ECONOMY

Cyprus angry at HSBC launch in the north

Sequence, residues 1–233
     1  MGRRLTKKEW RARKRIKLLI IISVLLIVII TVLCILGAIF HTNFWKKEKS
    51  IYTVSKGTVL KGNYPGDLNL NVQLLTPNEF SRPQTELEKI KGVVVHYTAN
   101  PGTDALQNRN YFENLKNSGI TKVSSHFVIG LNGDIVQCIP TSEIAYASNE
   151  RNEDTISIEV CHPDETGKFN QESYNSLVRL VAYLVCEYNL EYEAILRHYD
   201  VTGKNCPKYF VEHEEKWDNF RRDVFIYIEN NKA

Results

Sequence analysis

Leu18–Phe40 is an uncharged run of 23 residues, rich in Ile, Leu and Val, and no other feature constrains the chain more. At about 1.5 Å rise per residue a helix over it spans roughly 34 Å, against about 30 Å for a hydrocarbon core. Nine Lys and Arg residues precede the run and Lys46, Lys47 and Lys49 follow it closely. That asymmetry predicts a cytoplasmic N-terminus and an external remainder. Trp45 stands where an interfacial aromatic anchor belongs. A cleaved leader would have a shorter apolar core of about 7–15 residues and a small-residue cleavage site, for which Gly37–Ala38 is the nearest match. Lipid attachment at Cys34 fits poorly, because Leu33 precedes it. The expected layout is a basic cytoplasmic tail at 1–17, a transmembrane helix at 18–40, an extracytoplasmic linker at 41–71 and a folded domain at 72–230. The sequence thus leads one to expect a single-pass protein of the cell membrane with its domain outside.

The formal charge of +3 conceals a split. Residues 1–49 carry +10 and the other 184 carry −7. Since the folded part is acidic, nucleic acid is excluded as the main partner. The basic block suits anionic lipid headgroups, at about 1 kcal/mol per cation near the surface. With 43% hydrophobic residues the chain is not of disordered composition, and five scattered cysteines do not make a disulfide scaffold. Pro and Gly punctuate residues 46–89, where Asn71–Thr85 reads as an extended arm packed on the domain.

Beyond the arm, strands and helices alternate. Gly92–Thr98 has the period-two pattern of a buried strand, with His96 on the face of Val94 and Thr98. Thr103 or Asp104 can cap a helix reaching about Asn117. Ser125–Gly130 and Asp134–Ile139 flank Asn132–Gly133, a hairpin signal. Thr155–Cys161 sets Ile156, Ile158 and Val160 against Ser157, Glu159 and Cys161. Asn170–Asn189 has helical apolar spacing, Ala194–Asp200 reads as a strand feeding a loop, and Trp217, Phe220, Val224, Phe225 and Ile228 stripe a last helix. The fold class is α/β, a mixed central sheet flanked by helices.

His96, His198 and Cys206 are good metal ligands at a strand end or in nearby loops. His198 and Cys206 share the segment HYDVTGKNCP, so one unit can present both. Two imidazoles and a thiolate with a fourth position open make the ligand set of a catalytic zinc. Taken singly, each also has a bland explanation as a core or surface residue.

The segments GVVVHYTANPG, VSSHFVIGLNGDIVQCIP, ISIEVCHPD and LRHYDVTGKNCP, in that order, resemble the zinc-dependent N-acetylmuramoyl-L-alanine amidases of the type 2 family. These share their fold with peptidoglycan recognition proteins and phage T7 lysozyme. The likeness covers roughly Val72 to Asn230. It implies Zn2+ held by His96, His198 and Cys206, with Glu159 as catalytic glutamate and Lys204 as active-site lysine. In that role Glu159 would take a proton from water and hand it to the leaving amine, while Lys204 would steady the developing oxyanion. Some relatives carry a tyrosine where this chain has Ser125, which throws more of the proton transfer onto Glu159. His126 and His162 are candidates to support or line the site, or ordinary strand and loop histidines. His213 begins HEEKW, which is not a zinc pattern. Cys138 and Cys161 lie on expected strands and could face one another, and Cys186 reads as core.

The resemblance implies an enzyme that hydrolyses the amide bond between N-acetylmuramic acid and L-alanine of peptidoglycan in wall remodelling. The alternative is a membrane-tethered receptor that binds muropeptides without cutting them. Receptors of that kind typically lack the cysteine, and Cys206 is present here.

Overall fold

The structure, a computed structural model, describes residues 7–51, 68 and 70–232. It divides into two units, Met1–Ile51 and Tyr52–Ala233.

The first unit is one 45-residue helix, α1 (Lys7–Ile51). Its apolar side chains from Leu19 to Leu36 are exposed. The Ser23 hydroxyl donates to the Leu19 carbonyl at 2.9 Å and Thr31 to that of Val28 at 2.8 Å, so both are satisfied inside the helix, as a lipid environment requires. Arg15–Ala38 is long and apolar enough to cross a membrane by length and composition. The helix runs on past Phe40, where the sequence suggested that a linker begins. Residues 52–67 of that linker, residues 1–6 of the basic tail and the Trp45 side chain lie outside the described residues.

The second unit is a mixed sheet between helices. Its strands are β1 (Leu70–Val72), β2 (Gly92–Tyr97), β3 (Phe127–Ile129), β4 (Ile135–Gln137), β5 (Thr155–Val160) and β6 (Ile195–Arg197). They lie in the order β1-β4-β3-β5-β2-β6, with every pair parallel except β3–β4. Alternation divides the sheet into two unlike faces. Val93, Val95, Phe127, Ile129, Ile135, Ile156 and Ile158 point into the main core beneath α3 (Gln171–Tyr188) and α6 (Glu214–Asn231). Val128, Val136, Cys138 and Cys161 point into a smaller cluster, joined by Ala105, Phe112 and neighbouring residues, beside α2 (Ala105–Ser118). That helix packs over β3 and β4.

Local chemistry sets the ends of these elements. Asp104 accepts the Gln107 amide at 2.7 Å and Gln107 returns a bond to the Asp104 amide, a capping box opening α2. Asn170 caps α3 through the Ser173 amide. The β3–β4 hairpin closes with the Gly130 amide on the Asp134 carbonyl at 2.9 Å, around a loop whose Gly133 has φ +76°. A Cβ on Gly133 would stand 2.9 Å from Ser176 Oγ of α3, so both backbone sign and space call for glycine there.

NICOSIA (Reuters) – Cyprus yesterday said it is seeking an explanation from HSBC over its launch of operations in the northern part of the island, a breakaway Turkish-Cypriot state recognized only by Turkey, which has maintained a sizable occupying force there for over a quarter of a century. The British-based banking giant may have ventured into divided Cyprus’s political minefield after disclosures that it had assumed the operations of Turkey’s Demirbank, which had branches in the north of the island. Usually a step ahead in preventing anything which may be construed as giving the territory some form of international credibility, the Greek Cypriot-led government was caught unawares. «We made contact with London today and we will have more contacts next week to find out the exact situation and ascertain the true facts,» said Afxentis Afxentiou, governor of the Central Bank of Cyprus. The Cyprus Central Bank says it is the only regulatory authority for banks on the island and those in northern Cyprus operate without their supervision or license. «I do not exclude the fact that when HSBC purchased this (Turkish) bank it may not have realized that some sensitivities could be aroused in Cyprus due to these three branches in the occupied area,» Afxentiou told Reuters. On Thursday, Naciye Turksever, who runs two of the HSBC branches in northern Cyprus, said the bank did not expect political problems after taking on their operations. «Business is one thing, politics is another,» she said. The self-styled Turkish Republic of Northern Cyprus is recognized only by Ankara. It has been under an international embargo since Turkey invaded the northern third of the island in 1974 in response to a brief Greek-Cypriot coup engineered by the military then ruling Greece. HSBC acquired Demirbank last year, paying $350 million for what had been Turkey’s ninth-largest bank in terms of assets before it was taken into state receivership during financial turmoil in December 2000. It has now merged Demirbank’s operations with its Turkish subsidiary HSBC Bank AS. Demirbank had three branches in northern Cyprus which were converted over the New Year to show the HSBC logo. HSBC has an offshore banking presence in the internationally recognized south and a 22- percent stake in Laiki Bank, the second-largest financial institution on the island.